Changes to the IR35 Rules: Advice for Clients

In a surprise announcement, the Government has delayed introduction of the planned IR35 reform by one year because of the COVID-19 pandemic. This means that freelancers will continue to define their IR35 status when working in the private sector until the reform is implemented.

Chancellor Rishi Sunak had confirmed in his first budget that the Government would press ahead with the planned changes to the off-payroll rules (often referred to as ‘IR35’) in April 2020. The latest move, sensible under the circumstances, gives both clients and contractors more time to prepare for the reform.  

The new rules are now expected to come into effect in April 2021 and only apply to services carried out from that date. From that point, medium and large organisations in all sectors of the economy will become responsible for assessing the employment status of individuals who work for them through their own limited company.

The reform does not introduce a new tax or apply to genuinely self-employed workers, who are outside the scope of the existing rules.

The changes are designed to reduce the tax avoidance generated by “disguised employment”, where individuals are effectively working like employees, but define themselves as self-employed contractors to reduce their tax liability.

This is a complex field. But stay with us. Contrary to some reports, it’s not all bad news. And you now have additional time to review the impact of the reform on your business.


What are the IR35 rules?

Let’s start with a quick bit of history. The IR35 rules were first introduced by HMRC in 2000. They apply to:

  • A worker (often described as a contractor) who provides their services to a client through their intermediary, usually the worker’s personal service company (PSC).
  • A client who receives services from a worker through their intermediary.
  • An agency providing workers’ services through their intermediary.

In effect, where IR35 applies, it deems there to be a hypothetical contract between a worker and their client even though the worker uses a PSC to contract with their client. Tax and National Insurance contributions must then be deducted from the fees paid to the worker and paid to HMRC.

The rules are designed to tackle tax avoidance and ensure that a worker acting in a similar way to a direct employee of the client, an employee in all but name, pays broadly the same tax and National Insurance contributions as employees. Rather than taking advantage of the lower tax rates applied to companies and avoid national insurance altogether.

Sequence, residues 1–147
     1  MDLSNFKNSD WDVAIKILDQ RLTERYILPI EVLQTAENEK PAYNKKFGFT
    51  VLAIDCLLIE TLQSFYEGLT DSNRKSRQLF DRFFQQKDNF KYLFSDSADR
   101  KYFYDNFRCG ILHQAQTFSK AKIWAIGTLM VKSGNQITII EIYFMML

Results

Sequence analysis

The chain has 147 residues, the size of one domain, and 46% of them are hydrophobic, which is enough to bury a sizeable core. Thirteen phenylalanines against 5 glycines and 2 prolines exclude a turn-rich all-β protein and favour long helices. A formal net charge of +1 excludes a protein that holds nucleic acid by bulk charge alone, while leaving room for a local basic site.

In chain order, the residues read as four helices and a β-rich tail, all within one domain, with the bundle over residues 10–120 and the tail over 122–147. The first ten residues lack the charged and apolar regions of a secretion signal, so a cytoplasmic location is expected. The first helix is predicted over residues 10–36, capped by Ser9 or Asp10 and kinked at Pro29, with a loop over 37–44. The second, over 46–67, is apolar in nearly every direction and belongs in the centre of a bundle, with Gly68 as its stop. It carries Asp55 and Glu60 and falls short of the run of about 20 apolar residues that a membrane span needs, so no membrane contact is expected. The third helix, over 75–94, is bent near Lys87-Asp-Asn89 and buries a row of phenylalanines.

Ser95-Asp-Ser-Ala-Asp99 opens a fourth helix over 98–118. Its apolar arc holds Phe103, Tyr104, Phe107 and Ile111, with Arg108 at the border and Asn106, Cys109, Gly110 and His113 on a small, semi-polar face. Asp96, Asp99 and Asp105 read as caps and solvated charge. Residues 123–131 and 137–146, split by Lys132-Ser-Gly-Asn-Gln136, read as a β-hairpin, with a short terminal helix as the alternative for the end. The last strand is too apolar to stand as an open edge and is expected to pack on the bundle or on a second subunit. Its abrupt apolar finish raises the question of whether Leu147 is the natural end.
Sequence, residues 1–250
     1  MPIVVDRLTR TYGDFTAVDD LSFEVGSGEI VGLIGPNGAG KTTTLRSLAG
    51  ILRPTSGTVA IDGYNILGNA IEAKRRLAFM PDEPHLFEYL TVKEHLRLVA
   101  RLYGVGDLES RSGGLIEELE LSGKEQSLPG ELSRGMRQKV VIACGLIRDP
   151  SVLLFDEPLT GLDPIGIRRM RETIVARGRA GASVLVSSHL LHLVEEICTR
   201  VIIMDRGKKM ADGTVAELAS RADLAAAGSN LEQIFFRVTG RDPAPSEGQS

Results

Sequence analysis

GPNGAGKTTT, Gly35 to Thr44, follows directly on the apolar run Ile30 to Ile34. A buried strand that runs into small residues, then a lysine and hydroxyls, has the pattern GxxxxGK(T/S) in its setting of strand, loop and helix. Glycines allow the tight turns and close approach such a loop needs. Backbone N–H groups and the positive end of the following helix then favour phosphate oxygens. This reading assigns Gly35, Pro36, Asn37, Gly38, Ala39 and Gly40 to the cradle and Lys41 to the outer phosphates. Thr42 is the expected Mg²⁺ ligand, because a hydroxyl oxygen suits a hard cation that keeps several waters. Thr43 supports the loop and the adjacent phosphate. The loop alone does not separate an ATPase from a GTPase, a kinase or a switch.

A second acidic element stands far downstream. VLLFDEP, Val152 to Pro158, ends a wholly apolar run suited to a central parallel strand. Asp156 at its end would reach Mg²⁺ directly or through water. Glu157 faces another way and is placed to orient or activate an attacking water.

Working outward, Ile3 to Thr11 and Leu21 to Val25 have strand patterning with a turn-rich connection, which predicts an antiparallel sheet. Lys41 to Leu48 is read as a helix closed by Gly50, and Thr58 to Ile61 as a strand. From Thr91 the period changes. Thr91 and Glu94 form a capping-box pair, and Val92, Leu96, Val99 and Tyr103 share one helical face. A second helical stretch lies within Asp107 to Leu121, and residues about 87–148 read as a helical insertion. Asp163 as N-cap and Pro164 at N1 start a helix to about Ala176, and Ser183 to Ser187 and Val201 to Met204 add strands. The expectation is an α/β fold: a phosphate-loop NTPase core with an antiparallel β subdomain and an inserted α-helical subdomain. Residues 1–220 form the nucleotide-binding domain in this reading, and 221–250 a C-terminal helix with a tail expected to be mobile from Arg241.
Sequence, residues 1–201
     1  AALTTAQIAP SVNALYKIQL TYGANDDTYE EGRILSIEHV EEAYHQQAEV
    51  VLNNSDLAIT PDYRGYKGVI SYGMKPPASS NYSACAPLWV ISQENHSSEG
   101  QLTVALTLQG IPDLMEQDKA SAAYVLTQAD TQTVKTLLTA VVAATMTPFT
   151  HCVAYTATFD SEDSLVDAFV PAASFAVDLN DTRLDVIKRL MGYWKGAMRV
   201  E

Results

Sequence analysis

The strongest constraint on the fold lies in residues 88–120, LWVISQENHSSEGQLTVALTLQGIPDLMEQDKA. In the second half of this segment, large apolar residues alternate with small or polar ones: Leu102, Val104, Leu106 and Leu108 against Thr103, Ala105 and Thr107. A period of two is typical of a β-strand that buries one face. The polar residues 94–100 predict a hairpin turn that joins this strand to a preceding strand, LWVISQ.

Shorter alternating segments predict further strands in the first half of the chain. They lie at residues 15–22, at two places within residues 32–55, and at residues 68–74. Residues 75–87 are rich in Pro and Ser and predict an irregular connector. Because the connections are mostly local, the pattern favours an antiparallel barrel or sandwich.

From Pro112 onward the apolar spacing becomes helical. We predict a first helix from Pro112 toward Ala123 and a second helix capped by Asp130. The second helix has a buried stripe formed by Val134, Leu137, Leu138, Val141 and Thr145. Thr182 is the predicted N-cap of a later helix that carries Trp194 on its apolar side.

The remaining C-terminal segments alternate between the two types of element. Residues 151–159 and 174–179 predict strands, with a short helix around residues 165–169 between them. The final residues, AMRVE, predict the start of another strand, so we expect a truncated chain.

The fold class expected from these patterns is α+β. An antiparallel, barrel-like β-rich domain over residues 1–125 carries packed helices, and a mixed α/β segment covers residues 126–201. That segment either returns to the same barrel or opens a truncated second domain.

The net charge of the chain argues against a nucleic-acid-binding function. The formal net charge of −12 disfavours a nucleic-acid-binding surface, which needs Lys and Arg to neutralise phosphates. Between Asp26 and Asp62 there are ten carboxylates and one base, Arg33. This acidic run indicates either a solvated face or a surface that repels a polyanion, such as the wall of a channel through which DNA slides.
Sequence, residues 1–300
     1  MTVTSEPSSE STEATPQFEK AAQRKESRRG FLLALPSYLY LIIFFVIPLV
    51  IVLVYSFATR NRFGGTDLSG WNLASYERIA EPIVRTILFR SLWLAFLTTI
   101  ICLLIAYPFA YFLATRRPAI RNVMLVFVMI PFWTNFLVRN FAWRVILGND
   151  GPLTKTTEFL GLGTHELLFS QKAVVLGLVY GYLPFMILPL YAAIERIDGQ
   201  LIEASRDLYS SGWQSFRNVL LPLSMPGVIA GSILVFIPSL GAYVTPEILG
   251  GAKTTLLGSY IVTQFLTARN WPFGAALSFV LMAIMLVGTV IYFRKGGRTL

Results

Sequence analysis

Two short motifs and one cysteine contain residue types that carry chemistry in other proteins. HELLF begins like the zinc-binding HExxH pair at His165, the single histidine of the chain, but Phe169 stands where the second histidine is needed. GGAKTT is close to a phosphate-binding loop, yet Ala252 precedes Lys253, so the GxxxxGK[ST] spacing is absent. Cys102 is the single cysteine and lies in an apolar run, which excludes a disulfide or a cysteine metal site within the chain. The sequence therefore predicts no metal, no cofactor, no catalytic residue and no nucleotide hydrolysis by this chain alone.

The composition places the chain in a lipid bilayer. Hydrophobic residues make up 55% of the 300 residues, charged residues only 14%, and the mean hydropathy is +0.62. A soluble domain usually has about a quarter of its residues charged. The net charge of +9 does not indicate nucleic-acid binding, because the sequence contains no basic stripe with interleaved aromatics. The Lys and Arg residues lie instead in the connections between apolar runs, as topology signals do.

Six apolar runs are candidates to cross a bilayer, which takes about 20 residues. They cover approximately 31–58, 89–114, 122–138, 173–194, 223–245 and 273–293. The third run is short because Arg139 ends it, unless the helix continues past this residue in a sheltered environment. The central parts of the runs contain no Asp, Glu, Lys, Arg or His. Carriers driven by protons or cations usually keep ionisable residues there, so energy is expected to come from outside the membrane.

Originally, it was up to individuals to assess whether they came within the scope of IR35. But HMRC concluded that the growing number of PSCs was leading to abuse of the system as they considered PSCs could not be relied upon to operate the IR35 rules objectively. In April 2017 the rules were amended to require all public sector clients to identify “disguised employment” situations and decide whether their contractors fall under IR35.

The rules have met with opposition from business groups and professional bodies but HMRC estimates that the cost of non-compliance to the Exchequer will reach £1.3 billion a year by 2023/24.


What’s changing?

The planned changes to IR35 will extend the public sector client responsibilities to medium and large firms in the private sector, who then become responsible for determining whether the freelancer should be regarded as a “disguised employee” and therefore deemed for tax purposes to be an employee.

If the client determines that IR35 does not apply, then the client will pay the gross amount of the agreed fee to the PSC. But if it determines that IR35 does apply, the client must apply PAYE and NI and pay the net amount to the PSC.

Helpfully, where private sector clients are defined as “small” entities, they do not have to take responsibility for determining a freelancer’s employment status. And – regardless of whether the client is also the fee payer – neither the client nor fee payer need operate PAYE.

HMRC rules define both a corporate and non-corporate client as “small” if it meets at least two of the following tests:

  • Its annual turnover is less than £10.2 million.
  • Its balance sheet total is less than £5.1 million.
  • The number of its employees is less than an average of 50 in the year.